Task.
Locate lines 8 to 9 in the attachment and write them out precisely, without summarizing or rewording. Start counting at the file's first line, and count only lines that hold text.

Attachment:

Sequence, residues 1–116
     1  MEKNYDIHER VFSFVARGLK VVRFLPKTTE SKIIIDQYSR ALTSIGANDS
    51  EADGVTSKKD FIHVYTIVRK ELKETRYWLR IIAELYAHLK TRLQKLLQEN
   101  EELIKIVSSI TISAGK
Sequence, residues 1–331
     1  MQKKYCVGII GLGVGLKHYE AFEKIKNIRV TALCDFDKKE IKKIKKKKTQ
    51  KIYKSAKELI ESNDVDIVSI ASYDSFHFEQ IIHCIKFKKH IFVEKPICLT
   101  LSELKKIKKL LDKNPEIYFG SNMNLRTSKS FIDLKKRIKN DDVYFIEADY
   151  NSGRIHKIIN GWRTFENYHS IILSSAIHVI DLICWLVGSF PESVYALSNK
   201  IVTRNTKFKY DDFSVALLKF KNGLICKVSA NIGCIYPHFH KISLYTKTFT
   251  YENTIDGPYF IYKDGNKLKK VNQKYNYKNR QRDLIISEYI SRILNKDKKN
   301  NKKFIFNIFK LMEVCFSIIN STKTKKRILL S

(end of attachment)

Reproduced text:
   101  LSELKKIKKL LDKNPEIYFG SNMNLRTSKS FIDLKKRIKN DDVYFIEADY
   151  NSGRIHKIIN GWRTFENYHS IILSSAIHVI DLICWLVGSF PESVYALSNK